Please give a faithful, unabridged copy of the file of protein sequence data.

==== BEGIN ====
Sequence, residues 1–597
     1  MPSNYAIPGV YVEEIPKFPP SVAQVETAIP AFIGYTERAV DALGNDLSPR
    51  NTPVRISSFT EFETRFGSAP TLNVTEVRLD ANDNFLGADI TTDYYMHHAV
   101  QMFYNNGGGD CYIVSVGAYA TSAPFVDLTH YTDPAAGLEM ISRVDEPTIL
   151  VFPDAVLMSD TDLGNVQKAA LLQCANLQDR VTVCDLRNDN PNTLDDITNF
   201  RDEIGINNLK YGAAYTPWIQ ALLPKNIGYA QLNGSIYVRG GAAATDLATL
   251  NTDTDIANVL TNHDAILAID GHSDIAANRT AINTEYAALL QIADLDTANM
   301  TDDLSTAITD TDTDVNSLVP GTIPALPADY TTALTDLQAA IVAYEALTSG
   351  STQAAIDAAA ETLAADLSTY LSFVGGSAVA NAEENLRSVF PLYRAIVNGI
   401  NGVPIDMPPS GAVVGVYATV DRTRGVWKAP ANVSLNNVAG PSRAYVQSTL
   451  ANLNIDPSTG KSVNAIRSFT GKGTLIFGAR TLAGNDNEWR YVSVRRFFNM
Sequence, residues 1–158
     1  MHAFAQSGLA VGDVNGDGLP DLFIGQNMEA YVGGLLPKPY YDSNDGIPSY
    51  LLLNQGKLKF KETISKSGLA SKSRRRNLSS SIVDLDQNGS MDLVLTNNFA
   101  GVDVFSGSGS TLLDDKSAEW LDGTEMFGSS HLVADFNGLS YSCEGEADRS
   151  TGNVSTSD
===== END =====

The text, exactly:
Sequence, residues 1–597
     1  MPSNYAIPGV YVEEIPKFPP SVAQVETAIP AFIGYTERAV DALGNDLSPR
    51  NTPVRISSFT EFETRFGSAP TLNVTEVRLD ANDNFLGADI TTDYYMHHAV
   101  QMFYNNGGGD CYIVSVGAYA TSAPFVDLTH YTDPAAGLEM ISRVDEPTIL
   151  VFPDAVLMSD TDLGNVQKAA LLQCANLQDR VTVCDLRNDN PNTLDDITNF
   201  RDEIGINNLK YGAAYTPWIQ ALLPKNIGYA QLNGSIYVRG GAAATDLATL
   251  NTDTDIANVL TNHDAILAID GHSDIAANRT AINTEYAALL QIADLDTANM
   301  TDDLSTAITD TDTDVNSLVP GTIPALPADY TTALTDLQAA IVAYEALTSG
   351  STQAAIDAAA ETLAADLSTY LSFVGGSAVA NAEENLRSVF PLYRAIVNGI
   401  NGVPIDMPPS GAVVGVYATV DRTRGVWKAP ANVSLNNVAG PSRAYVQSTL
   451  ANLNIDPSTG KSVNAIRSFT GKGTLIFGAR TLAGNDNEWR YVSVRRFFNM
Sequence, residues 1–158
     1  MHAFAQSGLA VGDVNGDGLP DLFIGQNMEA YVGGLLPKPY YDSNDGIPSY
    51  LLLNQGKLKF KETISKSGLA SKSRRRNLSS SIVDLDQNGS MDLVLTNNFA
   101  GVDVFSGSGS TLLDDKSAEW LDGTEMFGSS HLVADFNGLS YSCEGEADRS
   151  TGNVSTSD